Depending on your requirements you can choose the best ones. You can also write to us for a custom recommendation for your project.

3. Use an effective caching plugin

WordPress plugins are obviously quite useful, but some of the best falls under the caching category, as they drastically improve page loads time, and best of all, all of them on are free and easy to use.

By far our favorite, is W3 Total Cache, We wouldn’t recommend or use any other caching plugin, it has all of the features you need and is extremely easy to install and use.

Simply install and activate, and what your page load faster as elements are cached.

You can also try WP Fastest Cache, WP Rocket, WP Super Cache.

4. Use a content delivery network (CDN)

A CDN, or content delivery network, takes all the static files you’ve got on your site (CSS, Javascript, and images, etc) and lets visitors download them as fast as possible by serving the files on servers as close to them as possible.

There is a plugin called Free-CDN that promises to do the same, although we haven’t tested it.

5. Optimize images (automatically)

Yahoo! has an image optimizer called that will drastically reduce the file size of an image, while not reducing quality.

There are some amazing, free plugins like WP-SmushIt which will do this process to all of your images automatically, as you are uploading them. No reason not to install this one. If you prefer to manage this on your desktop, We really like Squash for Mac users.

6. Optimize your homepage to load quickly

This isn’t one thing but really a few easy things that you can do to ensure that your homepage loads quickly, which probably is the most important part of your site because people will be landing there the most often.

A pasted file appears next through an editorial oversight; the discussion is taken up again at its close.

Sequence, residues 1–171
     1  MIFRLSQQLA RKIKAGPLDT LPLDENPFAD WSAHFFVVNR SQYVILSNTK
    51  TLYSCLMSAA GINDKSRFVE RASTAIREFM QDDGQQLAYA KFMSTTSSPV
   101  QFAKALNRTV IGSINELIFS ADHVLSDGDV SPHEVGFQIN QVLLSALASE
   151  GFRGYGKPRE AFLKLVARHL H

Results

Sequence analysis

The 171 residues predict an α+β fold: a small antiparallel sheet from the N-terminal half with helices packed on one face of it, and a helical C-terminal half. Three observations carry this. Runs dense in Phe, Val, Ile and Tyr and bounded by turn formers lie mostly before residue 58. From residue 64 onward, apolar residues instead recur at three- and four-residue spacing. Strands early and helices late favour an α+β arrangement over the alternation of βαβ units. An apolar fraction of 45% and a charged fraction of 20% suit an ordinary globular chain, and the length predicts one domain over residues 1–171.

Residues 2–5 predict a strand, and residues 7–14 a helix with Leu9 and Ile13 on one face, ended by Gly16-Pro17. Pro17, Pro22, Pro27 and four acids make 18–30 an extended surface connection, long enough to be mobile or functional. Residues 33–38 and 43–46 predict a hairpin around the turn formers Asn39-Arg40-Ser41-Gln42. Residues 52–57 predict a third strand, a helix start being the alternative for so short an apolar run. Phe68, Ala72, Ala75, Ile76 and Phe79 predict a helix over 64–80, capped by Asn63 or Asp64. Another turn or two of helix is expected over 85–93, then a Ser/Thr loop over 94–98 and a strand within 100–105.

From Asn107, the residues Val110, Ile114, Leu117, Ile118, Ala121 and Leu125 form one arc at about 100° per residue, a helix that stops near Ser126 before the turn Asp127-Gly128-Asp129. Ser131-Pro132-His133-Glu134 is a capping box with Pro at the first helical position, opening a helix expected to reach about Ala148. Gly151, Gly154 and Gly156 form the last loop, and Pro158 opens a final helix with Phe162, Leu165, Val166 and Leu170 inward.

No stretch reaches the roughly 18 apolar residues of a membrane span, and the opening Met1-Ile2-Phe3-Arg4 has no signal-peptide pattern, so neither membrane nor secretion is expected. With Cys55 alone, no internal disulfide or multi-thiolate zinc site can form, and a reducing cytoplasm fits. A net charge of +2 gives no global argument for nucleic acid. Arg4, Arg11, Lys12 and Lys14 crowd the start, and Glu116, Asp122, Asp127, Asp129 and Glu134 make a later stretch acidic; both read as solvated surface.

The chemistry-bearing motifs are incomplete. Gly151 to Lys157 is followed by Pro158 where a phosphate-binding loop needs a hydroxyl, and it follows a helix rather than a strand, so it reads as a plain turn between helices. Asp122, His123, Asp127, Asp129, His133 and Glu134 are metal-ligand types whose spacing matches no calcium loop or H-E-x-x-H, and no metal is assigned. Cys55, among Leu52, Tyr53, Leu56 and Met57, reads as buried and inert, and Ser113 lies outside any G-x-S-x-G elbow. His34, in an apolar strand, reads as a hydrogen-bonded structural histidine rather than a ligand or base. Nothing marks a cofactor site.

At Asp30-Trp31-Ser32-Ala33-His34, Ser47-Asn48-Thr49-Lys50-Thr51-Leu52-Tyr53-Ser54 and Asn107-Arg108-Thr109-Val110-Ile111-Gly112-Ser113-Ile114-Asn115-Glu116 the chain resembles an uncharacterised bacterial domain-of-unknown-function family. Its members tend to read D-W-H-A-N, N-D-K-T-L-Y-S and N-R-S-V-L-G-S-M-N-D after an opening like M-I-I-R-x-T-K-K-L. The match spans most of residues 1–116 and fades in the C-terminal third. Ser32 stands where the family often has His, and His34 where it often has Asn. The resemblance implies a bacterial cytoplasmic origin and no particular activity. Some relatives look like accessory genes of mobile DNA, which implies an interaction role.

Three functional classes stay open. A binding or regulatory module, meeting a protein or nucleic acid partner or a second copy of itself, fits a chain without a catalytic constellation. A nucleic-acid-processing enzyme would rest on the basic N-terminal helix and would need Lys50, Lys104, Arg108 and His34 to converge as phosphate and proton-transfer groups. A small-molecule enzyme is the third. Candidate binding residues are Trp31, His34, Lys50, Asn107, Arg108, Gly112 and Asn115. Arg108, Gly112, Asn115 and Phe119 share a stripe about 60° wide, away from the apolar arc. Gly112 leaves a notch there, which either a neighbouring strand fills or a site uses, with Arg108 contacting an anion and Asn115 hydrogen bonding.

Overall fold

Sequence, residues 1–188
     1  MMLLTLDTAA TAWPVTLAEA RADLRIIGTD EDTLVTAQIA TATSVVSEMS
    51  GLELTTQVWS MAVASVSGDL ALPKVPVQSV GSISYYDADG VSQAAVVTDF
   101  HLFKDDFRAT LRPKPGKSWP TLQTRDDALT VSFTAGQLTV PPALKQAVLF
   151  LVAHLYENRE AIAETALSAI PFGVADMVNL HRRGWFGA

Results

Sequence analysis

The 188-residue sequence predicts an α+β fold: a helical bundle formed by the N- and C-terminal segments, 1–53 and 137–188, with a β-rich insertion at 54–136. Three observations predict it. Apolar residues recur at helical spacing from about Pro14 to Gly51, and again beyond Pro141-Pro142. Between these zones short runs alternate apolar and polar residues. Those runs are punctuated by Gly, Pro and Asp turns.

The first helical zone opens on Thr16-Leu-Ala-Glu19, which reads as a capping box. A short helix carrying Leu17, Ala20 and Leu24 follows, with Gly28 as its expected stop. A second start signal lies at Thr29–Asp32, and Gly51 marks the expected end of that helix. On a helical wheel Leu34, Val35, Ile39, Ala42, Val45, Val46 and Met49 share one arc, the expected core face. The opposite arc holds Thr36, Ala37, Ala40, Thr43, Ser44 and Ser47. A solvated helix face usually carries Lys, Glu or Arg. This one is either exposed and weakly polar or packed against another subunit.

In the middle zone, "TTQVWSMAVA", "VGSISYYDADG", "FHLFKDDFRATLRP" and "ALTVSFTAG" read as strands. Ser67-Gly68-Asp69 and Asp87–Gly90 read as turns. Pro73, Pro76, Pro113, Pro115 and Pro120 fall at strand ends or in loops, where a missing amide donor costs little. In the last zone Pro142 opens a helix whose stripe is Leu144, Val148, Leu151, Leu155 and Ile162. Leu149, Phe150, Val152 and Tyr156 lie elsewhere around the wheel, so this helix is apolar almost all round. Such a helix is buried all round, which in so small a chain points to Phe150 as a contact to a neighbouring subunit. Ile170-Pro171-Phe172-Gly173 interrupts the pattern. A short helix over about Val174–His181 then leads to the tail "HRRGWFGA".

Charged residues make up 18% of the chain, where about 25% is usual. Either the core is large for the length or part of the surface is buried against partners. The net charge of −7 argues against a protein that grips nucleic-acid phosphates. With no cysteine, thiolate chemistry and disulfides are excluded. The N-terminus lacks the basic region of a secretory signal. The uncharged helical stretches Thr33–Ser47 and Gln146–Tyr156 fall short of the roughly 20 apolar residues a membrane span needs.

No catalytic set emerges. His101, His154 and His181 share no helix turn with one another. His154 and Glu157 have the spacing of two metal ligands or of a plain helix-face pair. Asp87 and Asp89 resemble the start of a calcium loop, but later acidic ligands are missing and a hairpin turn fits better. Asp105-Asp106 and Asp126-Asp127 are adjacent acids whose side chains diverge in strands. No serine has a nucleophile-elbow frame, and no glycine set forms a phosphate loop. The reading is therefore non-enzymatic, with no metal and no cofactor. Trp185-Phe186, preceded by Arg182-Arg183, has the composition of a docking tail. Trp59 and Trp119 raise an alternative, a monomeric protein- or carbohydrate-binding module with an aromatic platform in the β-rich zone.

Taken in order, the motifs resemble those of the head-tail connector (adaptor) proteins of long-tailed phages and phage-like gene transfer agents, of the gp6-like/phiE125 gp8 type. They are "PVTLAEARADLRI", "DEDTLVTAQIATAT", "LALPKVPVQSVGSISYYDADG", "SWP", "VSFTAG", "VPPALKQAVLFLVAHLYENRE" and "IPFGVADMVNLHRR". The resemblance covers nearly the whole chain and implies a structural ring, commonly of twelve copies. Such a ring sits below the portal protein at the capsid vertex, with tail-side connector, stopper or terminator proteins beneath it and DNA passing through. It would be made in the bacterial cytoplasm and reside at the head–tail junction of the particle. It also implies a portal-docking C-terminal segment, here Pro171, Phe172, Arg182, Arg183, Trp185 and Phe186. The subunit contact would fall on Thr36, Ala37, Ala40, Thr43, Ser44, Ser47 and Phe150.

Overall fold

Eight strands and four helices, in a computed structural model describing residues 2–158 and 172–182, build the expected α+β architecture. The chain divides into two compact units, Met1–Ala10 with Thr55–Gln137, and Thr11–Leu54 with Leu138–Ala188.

Things that you can do include:

  • Show excerpts instead of full posts.
  • Reduce the number of posts on the page (I like showing between 5-7)
  • Remove unnecessary sharing widgets from the home page (include them only in posts)
  • Remove inactive plugins and widgets that you don’t need.
  • Keep in minimal! Readers are here for content, not 8,000 widgets on the homepage.

Overall, a clean and focused homepage design will help your page not only look good but load quicker as well.

7. Optimize your WordPress database

You can simply use the WP-Optimize plugin. This plugin lets you do just one simple task: optimize your database (spam, post revisions, drafts, tables, etc.) to reduce their overhead.

We would also recommend the WP-DB Manager plugin, which can schedule dates for database optimization.

8. Disable hotlinking and leeching of your content

Hot-linking is a form of bandwidth “theft.” It occurs when other sites direct link to the images on your site from their articles making your server load increasingly high.

This can add up as more and more people “scrape” your posts or your site (and especially images) become more popular, as must-do if you create custom images for your site on a regular basis.

Place this code in your root .htaccess file:

disable hotlinking of images with forbidden or custom image option

RewriteEngine on
RewriteCond %{HTTP_REFERER} !^$
RewriteCond %{HTTP_REFERER} !^http(s)?://(www\.)? [NC] 
RewriteCond %{HTTP_REFERER} !^http(s)?://(www\.)? [NC] 
RewriteCond %{HTTP_REFERER} !^http(s)?://(www\.)? [NC] 
RewriteRule \.(jpg|jpeg|png|gif)$ – [NC,F,L]